1. Terrorist organizations that don’t seek to hold territory can’t be defeated by a traditional military response; terrorist organizations that do try to hold territory are conventional armies, and cease to be asymmetrical in nature.

        Terrorism is a tactic which, like piracy and other hostile acts, has been engaged in by both non-state and state actors. The dichotomy you propose is simply not one which exists in reality; there are all sorts of states which employed asymmetric warfare to achieve their objectives. In the case of state actors who do so, there’s a relatively easy way to put an end to it: apply force to destroy their conventional capacity, so that they don’t have the resources and apparatus of a state to fund said warfare.

        Aggression must needs entail both intent and capability. Can they send a guy on a plane with a bomb? Sure, but that’s nothing new, that’s not specific to ISIS, and that’s something we’ve been addressing for the past thirteen years.

        Sending a guy with a bomb to a foreign country without provocation isn’t aggression? I’m pretty sure I’ve heard otherwise many times on this forum when we’re the ones doing it (and I’m inclined to agree with that).

        Trying to stamp terrorism out using conventional forces in the case of a non-state actor has not worked, I would agree. In the case of state actors? Conventional response works pretty damn well; see Gaddafi’s volte face after we bombed Libya.

    4. If you are concerned about an asymmetrical threat, there is little benefit to airstrikes or boots on the ground, because the actual threat won’t likely be based in ISISland carved out of Syria and Iraq. The 9/11 attacks weren’t plotted in Saudi Arabia, Iraq or Pakistan; they were planned in an apartment in Hamburg. Do we blow up every apartment in Germany to keep us safe? Or if we had blown up bin Laden before 9/11, would that have stopped the hijackings? Likely not.

      You can “respond” to asymmetical warfare with force, but you can’t respond to an attack that hasn’t happened. If you’re considering the killings of the two journalists to be asymmetrical attacks that we can respond to, we might also remember that those killings were themselves in response to our earlier airstrikes, which were in response to actions by ISIS in the region, not against us.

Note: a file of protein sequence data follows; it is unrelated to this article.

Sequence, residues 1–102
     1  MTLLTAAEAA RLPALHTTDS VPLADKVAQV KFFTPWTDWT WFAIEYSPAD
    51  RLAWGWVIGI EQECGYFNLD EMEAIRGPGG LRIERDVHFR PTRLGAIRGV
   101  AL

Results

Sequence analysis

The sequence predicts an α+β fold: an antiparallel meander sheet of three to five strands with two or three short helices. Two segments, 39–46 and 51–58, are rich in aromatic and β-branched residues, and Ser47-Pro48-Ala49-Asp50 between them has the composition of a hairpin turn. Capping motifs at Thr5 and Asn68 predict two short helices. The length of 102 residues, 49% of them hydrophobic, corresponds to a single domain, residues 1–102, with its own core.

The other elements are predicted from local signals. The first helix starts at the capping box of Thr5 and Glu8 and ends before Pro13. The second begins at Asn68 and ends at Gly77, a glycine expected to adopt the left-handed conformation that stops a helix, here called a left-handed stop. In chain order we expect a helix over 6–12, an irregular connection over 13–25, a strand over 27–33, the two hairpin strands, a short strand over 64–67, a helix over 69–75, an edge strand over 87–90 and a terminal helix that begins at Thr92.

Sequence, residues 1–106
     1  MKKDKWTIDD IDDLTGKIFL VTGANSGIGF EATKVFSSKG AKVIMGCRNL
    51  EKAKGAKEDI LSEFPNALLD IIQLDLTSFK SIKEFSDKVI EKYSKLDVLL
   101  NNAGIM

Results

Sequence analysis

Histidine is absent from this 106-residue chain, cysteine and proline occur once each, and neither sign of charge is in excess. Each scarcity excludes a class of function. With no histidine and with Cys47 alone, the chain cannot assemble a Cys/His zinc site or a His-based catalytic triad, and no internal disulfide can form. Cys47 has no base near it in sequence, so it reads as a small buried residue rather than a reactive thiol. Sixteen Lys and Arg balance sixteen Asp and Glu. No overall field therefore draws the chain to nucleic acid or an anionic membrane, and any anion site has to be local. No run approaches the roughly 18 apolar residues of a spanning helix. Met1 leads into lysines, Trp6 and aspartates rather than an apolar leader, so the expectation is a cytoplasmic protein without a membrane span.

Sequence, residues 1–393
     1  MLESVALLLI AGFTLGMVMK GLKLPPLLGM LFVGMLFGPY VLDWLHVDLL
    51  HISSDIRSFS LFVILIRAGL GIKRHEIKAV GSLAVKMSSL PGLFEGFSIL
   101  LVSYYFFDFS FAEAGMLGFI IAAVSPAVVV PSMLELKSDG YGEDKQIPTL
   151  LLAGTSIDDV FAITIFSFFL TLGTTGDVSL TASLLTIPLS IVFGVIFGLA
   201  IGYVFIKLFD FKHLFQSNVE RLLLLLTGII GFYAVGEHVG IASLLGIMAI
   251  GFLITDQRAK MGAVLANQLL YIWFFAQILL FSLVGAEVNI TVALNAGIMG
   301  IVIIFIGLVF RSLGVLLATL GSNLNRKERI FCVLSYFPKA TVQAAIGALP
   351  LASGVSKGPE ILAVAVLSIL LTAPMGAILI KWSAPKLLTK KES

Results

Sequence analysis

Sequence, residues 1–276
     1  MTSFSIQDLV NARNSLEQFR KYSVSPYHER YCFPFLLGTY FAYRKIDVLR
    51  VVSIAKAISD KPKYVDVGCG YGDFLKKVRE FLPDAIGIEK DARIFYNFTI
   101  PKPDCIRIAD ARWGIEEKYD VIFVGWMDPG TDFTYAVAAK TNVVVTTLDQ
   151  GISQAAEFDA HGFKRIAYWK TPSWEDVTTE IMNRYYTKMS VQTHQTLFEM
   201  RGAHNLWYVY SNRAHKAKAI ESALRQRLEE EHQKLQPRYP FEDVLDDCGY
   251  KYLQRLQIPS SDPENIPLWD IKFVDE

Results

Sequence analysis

4. “3. What counts as victory?”

    Every time some bozo pitches the WOD, s/he should have to answer *this* question before any other comment.

    1. Except that doesn’t work, because we war against other things which are ultimately unbeatable, such as crime & disease, and strive against many other things in ways we don’t call war, such as against unhappiness, even though we know such things will always be with us.

      1. Robert|9.20.14 @ 11:04PM|#
        “Except that doesn’t work, because we war against other things which are ultimately unbeatable, such as crime & disease, and strive against many other things in ways we don’t call war, such as against unhappiness, even though we know such things will always be with us.”

        Which is *exactly* the reason we don’t use the term “war”.

  5. Sharing (with the government) Economy news: Airbnb to start paying 14% Hotel Tax in SF.

    I blame Sevo.

    1. Dances-with-Trolls|9.20.14 @ 8:27PM|#
      “Sharing (with the government) Economy news: Airbnb to start paying 14% Hotel Tax in SF.
      I blame Sevo.”

      I saw that earlier and thought it was a good move on their part.
      You aren’t gonna rent a place in SF without getting the gov’t involved, and Airbnb just made it a whole lot easier for folks to bail from providing long-term rentals to vacation rentals; the company took the clerical and filing frictional costs off the supplier!

      1. You aren’t gonna rent a place in SF without getting the gov’t involved